From my perspective as a cyber specialist and realist of the things that can and do go awry the lacking of InfoSec knowledge that exists within the profession is worrisome. This is a huge challenge for our profession and we matter too in this topic and here is why we need to up our game.
Consider the effects of the ‘WannaCry’ Ransomware attack of 2017 (a program that would not allow access to ‘infected’ computers until a fee was paid).
This cyber attack saw as many as 81 of the 256 NHS trusts affected; The ransomware locked out medical staff from infected and unprotected computer systems, including MRI scanning and blood testing devices. This had a huge impact on the NHS; the attack paralysed systems for a short time, which affected both staff and patients. So, what would happen if the organisation you worked for was attacked and locked or indeed your own computer? How much would you be willing to pay? How would it affect your practice and your clients? Would you know how to remedy the situation?
Information Security and Data Protection
Dependent upon the size of your organisation and/or practice, you’ll most likely have someone designated as the ‘Data Protection Officer’ (DPO)or the ‘Information Security Manager’, but if you don’t (which you should do), then who is the person checking to ensure that the data you have access to is protected? Who would be the person to ensure firewalls are installed and are working. Who knows how to teach everyone to keep information safe and secure? And exactly how is data protection being managed?
What exactly is ‘Data’?
When you think of data, you most likely think of computer code or some form of information stored in an electronic format. But did you know that under the current legislation in the UK, the definition of data is quite wide ranging? Data exists in several forms, not just in a digital format. Data exists in our profession in scraps of paper, notebooks, paper and/or computer documents, voice recordings (taped sessions), sessions videoed and including voicemail/phones in offices, and CCTV. The ways in which all these various types of data should be stored, secured and handled are set out in current legislation such as GDPR (visit the Information Commissioners Website for more guidance) and Data Protection Act 2018 (gov.uk has various guides on the DPA 2018).
Why does all this matter, and how does it apply to me and my practice?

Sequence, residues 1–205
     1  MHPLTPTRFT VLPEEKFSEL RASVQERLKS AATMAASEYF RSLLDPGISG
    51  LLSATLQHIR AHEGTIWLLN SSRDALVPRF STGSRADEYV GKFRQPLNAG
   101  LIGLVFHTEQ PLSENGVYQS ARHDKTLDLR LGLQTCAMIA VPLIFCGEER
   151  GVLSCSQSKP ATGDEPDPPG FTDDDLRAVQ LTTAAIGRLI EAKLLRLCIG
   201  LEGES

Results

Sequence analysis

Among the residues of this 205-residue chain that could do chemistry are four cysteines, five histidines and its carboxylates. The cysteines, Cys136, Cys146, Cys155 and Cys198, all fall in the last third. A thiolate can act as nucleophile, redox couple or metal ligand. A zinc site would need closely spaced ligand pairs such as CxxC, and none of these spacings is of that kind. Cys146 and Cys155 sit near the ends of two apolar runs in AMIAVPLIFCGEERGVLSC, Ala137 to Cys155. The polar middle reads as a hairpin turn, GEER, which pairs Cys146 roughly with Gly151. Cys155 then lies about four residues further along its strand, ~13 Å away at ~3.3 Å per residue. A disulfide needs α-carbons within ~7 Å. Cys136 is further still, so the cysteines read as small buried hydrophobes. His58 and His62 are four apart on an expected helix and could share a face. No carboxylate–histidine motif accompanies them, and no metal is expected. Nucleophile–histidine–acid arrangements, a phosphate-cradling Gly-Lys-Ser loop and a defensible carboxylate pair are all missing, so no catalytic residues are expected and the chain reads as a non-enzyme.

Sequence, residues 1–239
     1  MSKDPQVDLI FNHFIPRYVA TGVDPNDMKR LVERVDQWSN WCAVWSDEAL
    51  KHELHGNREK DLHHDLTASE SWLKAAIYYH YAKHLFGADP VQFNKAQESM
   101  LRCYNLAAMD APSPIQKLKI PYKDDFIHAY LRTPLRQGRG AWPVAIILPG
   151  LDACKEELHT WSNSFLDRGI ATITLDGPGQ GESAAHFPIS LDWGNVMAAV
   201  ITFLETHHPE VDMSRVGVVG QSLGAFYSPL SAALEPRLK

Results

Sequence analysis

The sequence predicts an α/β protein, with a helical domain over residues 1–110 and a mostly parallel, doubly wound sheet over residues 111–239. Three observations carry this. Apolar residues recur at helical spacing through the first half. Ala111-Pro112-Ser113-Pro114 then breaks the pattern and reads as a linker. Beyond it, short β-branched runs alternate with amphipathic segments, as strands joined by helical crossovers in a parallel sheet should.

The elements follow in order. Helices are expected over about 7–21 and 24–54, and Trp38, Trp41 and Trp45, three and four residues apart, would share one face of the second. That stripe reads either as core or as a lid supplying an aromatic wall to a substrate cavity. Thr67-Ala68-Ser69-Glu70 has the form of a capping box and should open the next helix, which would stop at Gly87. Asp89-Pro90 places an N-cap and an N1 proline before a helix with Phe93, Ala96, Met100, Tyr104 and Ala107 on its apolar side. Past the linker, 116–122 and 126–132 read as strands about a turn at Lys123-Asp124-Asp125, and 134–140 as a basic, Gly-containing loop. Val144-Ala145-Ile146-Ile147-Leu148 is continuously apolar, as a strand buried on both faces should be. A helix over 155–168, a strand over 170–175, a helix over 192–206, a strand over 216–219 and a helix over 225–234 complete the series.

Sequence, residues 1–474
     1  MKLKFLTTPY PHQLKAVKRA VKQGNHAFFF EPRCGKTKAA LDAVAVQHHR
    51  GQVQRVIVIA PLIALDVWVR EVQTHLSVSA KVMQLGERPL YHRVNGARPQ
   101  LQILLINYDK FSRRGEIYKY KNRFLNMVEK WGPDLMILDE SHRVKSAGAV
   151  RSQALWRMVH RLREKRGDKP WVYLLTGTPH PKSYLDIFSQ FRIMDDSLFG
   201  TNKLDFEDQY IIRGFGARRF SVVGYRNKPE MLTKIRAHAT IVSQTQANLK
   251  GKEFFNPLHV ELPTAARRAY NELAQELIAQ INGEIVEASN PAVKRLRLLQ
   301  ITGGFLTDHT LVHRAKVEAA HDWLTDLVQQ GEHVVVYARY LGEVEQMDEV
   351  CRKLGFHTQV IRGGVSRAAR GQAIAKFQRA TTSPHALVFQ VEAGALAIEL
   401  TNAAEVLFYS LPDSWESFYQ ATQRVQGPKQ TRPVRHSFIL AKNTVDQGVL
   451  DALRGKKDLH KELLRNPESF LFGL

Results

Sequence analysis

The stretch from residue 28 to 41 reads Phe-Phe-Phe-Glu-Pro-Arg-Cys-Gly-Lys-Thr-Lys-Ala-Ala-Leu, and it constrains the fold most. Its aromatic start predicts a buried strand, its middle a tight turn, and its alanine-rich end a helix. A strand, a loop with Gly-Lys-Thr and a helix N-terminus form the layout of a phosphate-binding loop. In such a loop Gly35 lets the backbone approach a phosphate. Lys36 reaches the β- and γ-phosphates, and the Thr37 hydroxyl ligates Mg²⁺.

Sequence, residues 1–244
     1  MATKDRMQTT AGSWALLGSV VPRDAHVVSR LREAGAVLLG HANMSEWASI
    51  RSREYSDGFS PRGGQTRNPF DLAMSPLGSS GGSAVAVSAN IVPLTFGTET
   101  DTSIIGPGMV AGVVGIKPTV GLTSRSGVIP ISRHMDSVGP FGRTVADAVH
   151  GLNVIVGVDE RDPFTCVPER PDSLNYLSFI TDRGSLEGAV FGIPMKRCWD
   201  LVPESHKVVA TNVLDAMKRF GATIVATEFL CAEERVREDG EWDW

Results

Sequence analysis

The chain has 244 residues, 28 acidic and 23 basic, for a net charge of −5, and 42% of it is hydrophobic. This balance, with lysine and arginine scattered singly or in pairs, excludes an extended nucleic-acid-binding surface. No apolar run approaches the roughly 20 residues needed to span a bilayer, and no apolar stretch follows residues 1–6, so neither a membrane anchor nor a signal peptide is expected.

Risk of Cybercrime is ever increasing as more and more information is shared and stored electronically! The increase in cybercrime means that you can no longer not take any action to protect yourself and your data; that could be negligent and would also mean you are not trying to adhere to the data protection laws and regulations. But not acting also makes you and any data you hold an easier target for hackers to access.
Information Security in Therapy needs to be taken seriously
When I lecture/speak to my fellow professionals, I highlight that Banks hold financial ‘data’ about people and organisations, and pay thousands of pounds per day to have cyber security and information security training, systems and procedures put in place to protect the data held.
Our profession needs to take the issue of information security as seriously as banks and financial institutions do. We hold the most SACROSANCT, sensitive, in-depth, detailed, precious secrets, desires, traumas and heart-breaking personal stories known as ‘data’ on the planet. Wouldn’t you agree?
So what does this mean? Word count here limits the expansive subject so I will give a few examples of our online behaviour and what we can do to protect ourselves and clients.
Social Media – Avoid Oversharing Online a case study of client spotting.
Sharing information, however innocent it may seem can actually place our clients in danger; of identification and actual data depending upon their or your home situation.
Tweeting or sharing a social media post about how many clients, supervisees you have on a particular day on personal/practice social media accounts, (particularly those such as Twitter where accounts are public and not protected) can give someone enough information to monitor your practice (first locating your practice address online; held in directories, Google maps or on your practice website), then by accessing public CCTV, or by even parking close by. Using the innocent information shared online, your practice can then be monitored, clients can be identified (as they come and go from your location) and anyone whose identity and location is being protected (such as children under child protection orders) can then be placed in jeopardy.
Duty of Care over Client Data
Ethically, morally and now legally you have a duty of care to your clients’ data protection; having just a ‘GDPR contract and Privacy notice’ (possibly ‘borrowed’ from another source) isn’t going to cut it really. Did you know that The Information Commissioner’s Office (ICO) could lawfully restrict your practice from operating if you have a serious data breach within your practice? Fines for incorrect handling and storage of data, or for not obtaining consent to market to someone is only the tip of the iceberg of the potential law enforcements the ICO can give to individuals and organisations. I’m not entirely convinced being hacked is going to be a good enough excuse for the ICO if you knowingly did nothing to prevent it.